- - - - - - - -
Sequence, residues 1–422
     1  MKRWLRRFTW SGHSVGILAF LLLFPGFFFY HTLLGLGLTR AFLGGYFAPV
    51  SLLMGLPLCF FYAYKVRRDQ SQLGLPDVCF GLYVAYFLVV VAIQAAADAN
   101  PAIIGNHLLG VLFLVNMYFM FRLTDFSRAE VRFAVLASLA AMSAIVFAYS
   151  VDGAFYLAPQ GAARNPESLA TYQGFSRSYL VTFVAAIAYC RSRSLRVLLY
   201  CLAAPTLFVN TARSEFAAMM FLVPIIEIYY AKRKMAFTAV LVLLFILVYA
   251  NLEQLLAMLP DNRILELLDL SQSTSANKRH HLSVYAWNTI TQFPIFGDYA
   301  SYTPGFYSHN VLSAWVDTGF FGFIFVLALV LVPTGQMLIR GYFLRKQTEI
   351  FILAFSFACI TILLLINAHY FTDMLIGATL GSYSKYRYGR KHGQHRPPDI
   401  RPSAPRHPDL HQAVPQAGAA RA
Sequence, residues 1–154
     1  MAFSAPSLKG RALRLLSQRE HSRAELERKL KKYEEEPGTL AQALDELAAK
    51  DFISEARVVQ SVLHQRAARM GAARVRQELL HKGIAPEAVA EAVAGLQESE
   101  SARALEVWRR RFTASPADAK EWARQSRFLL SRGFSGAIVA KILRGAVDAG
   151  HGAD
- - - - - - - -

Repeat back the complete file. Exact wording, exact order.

Sequence, residues 1–422
     1  MKRWLRRFTW SGHSVGILAF LLLFPGFFFY HTLLGLGLTR AFLGGYFAPV
    51  SLLMGLPLCF FYAYKVRRDQ SQLGLPDVCF GLYVAYFLVV VAIQAAADAN
   101  PAIIGNHLLG VLFLVNMYFM FRLTDFSRAE VRFAVLASLA AMSAIVFAYS
   151  VDGAFYLAPQ GAARNPESLA TYQGFSRSYL VTFVAAIAYC RSRSLRVLLY
   201  CLAAPTLFVN TARSEFAAMM FLVPIIEIYY AKRKMAFTAV LVLLFILVYA
   251  NLEQLLAMLP DNRILELLDL SQSTSANKRH HLSVYAWNTI TQFPIFGDYA
   301  SYTPGFYSHN VLSAWVDTGF FGFIFVLALV LVPTGQMLIR GYFLRKQTEI
   351  FILAFSFACI TILLLINAHY FTDMLIGATL GSYSKYRYGR KHGQHRPPDI
   401  RPSAPRHPDL HQAVPQAGAA RA
Sequence, residues 1–154
     1  MAFSAPSLKG RALRLLSQRE HSRAELERKL KKYEEEPGTL AQALDELAAK
    51  DFISEARVVQ SVLHQRAARM GAARVRQELL HKGIAPEAVA EAVAGLQESE
   101  SARALEVWRR RFTASPADAK EWARQSRFLL SRGFSGAIVA KILRGAVDAG
   151  HGAD